Chanchala (flickering, unsteady)
Chanchala, or Cañcala, is a Sanskrit adjective meaning: unsteady, flickering, quivering, vacillating, fickle, inconstant, restless.
It is also a nickname given to the Goddess Lakshmi, sometimes known as the restless one.
Chanchala Deep Dive
It’s a term used to describe the way our minds go from one thing to the next, and to the next, and to the next. It never seems to settle on something that satisfies.
If you’ve ever found yourself scrolling through videos, pictures, or posts in what is known as zombie scrolling, you’re already familiar with chanchala’s outward manifestation. No destination. No benefit. Just go, go, go.
Consider 6:26 of the Bhagavad Gita:
yato yato niścarati manaś cañcalam asthiram
tatas tato niyamyaitad ātmany eva vaśaṃ nayet
“Wherever the mind wanders, restless and diffuse in its search for satisfaction without, lead it within; train it to rest in the self.”
Various translations render cañcala either restless or flickering, referring to a quality of the mind as it searches for satisfaction outside of itself.
It may be said to be a characteristic of cittavritti, the turning of thought or modifications of the mind mentioned in the Yoga Sutras of Patanjali.
Yoga is the ability to direct and focus mental activity and the ability to still the turning of thought. – Chapter 1, Verse 2
Lakshmi, the Hindu Goddess of prosperity, is sometimes called Chanchala due to her shifting allegiances. Some, however, say this is a pejorative term, because while she may appear fickle, she only goes where dharma goes, as represented by the half-opened lotus in her upper left hand. Wealth and good fortune, like the fluctuations of mind, come and go.
Getting to know your monkey mind
The concept of chanchala is very similar to that of kapicitta, or monkey mind in Buddhism.
Kapicitta is a Sanskrit compound of kapi, meaning monkey or ape, and citta, meaning mind, consciousness, attention, or perception.
You may have encountered the term in popular culture.
“How to quiet your monkey mind!”
“10 ways to tame your monkey mind!”
“Master your monkey mind with these 3 tricks!”
While the Buddha himself seems to have never used the term, Buddhists often employ the concept to teach about the unsettled the nature of our minds.
With so many things demanding our attention, it seems like monkey mind is always on the go, jumping from one thing to the next. Even in moments of stillness you may notice your mind racing.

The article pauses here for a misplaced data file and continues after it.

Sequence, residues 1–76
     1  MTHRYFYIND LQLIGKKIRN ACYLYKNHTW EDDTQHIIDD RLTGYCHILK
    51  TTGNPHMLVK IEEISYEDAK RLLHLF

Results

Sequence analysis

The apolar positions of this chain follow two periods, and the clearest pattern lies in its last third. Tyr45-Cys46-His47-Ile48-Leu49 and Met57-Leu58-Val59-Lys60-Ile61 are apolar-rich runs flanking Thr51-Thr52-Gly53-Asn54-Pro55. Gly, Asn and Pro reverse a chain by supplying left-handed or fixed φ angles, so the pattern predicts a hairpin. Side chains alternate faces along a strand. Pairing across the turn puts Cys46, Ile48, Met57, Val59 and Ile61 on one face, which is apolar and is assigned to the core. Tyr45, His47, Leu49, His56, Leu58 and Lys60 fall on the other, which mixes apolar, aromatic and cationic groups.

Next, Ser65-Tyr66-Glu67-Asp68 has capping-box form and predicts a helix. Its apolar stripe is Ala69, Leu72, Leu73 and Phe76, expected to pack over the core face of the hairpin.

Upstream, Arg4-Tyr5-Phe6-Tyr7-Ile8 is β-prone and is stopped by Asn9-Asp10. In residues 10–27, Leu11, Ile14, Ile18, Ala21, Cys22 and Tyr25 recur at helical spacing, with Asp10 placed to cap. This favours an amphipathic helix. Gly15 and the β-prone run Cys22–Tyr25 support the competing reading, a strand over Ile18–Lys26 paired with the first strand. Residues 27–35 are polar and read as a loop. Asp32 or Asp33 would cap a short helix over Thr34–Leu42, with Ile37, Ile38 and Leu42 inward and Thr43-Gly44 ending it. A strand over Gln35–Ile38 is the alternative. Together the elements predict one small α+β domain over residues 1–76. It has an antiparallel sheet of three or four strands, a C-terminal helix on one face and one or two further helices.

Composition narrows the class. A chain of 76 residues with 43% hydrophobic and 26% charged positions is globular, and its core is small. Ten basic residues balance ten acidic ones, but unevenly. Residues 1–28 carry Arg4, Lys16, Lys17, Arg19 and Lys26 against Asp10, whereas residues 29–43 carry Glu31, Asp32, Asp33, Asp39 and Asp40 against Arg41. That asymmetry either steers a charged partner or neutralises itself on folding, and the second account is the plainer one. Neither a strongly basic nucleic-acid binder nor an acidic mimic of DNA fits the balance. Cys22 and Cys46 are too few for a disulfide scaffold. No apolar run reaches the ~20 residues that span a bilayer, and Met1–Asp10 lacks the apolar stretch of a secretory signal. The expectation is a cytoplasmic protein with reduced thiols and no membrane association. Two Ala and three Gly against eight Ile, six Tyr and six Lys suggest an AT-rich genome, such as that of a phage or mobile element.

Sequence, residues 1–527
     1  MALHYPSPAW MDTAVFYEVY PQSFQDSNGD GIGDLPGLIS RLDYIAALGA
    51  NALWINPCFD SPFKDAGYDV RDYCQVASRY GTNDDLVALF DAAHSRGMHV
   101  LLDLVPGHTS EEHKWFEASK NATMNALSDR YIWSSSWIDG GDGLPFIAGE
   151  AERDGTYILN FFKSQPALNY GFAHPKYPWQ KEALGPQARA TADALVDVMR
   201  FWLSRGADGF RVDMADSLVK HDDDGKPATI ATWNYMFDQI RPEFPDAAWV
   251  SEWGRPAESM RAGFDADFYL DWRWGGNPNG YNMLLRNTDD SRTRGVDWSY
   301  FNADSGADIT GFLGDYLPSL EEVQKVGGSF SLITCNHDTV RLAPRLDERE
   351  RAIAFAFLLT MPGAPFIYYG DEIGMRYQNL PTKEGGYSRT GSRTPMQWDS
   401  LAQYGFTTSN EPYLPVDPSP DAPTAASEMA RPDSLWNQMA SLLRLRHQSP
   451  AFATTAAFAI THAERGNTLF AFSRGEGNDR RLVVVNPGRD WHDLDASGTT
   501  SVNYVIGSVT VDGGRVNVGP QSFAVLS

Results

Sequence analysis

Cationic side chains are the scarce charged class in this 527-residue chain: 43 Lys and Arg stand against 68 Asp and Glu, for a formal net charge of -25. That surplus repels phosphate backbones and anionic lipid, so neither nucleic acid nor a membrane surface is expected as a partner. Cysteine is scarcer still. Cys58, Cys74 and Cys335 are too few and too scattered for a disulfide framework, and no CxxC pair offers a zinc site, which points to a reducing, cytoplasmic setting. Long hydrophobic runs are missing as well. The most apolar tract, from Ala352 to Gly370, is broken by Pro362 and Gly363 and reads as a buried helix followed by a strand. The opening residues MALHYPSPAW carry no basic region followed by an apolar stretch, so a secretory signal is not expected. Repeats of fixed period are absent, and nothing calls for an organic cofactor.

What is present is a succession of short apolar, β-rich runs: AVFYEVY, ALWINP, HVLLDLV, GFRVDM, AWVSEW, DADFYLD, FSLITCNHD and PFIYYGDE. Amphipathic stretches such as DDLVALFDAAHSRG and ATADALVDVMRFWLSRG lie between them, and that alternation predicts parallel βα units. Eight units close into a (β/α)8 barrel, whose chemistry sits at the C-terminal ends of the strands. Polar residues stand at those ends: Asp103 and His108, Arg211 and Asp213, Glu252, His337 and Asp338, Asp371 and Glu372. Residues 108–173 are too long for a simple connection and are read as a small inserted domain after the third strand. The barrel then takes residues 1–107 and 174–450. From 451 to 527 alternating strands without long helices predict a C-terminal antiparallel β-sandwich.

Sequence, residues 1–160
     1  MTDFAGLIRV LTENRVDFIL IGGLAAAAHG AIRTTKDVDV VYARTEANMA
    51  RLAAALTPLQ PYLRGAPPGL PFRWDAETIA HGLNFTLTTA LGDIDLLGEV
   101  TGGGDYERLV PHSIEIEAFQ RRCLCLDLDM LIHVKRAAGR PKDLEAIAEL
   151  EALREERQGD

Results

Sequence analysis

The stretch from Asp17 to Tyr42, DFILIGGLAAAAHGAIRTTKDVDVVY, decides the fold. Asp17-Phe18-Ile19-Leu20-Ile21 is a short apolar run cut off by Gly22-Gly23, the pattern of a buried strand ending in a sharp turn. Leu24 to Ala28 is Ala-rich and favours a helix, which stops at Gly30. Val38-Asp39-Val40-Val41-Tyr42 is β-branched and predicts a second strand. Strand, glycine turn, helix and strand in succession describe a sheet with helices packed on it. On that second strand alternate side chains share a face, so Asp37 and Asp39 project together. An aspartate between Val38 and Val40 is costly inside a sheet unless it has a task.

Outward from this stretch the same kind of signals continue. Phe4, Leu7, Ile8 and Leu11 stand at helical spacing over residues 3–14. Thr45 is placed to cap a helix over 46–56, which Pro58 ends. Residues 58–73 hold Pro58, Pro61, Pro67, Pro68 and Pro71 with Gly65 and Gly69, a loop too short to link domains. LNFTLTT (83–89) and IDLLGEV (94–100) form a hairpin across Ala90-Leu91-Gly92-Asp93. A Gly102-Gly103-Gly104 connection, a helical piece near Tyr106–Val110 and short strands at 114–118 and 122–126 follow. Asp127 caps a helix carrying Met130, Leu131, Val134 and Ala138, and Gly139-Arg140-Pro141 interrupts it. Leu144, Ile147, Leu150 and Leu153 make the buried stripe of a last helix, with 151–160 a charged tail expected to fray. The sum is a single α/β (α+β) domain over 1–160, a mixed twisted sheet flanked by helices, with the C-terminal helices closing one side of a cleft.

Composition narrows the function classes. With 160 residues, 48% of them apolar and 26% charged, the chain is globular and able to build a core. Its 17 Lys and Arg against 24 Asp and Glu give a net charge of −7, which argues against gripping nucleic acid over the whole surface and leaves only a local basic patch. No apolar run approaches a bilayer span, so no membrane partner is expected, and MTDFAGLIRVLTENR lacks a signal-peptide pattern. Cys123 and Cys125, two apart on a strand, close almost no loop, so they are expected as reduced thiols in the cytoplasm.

As Mingur Rinpoche explains, however, the monkey mind is neither bad not good. You just need to get to know it.
It turns out monkey mind is just looking for a job.
Chanchala (and monkey mind) In Your Life
You don’t want to make an enemy of your monkey mind by rejecting it. Nor do you want it running the show.
Ideally, you want to make friends with it and give it some important work to do.
During meditation in yoga class, you may have heard your yoga teacher ask you to “tune into your breath,” or “focus on your breath.”
Here’s where chanchala – or monkey mind – makes an entrance. Chores to do. Drama at work. Bills to pay. Foot is itchy.
Then you hear your yoga teacher say, “any thoughts that come, watch them go by, like clouds in the sky, and come back to your breath. Don’t judge them, just observe as they pass by…”
As you continue returning to your breath, monkey mind realizes you’ve given it a task.
Ooh, we’re doing THIS now.
And it gets easier the more you do it.
Mantras can have a similar effect. So can yoga asanas. And you may have experienced a similar effect of being in the zone while playing music, painting, playing sports, or (insert your favorite hobby here). Your mind stops chattering and you’re totally absorbed. In the moment.
The keys, according to the Yoga Sutras (Chapter 1, Verse 12) are: 1) abyhasa – practice, and 2) vairagya – non-reaction.
Abyhasa. The more you use it, the more it works. This may surprise you, but monkey mind sort of enjoys training. If you keep giving it a job, it gets used to it. It sets an alarm to wake up and go to work for you.
Vairagya is the part where your yoga teacher asked you not to judge the thoughts that you observed floating by. But it’s more than that. It’s also your disidentification with those thoughts. You are not your thoughts. And don’t judge yourself either. For example, if you’re trying to meditate and continuously find your mind wandering off, that’s ok. See meditation as a success simply when you do it.
A suppressed monkey mind is like a perpetually compacted spring, or a permanently stretched elastic band. Loaded with energy, and no longer suited to its purpose.
Remember, chanchala – your monkey mind – isn’t a bad thing. Like Lakshmi, it goes where dharma goes. And on your yoga journey, it goes where your practice goes.
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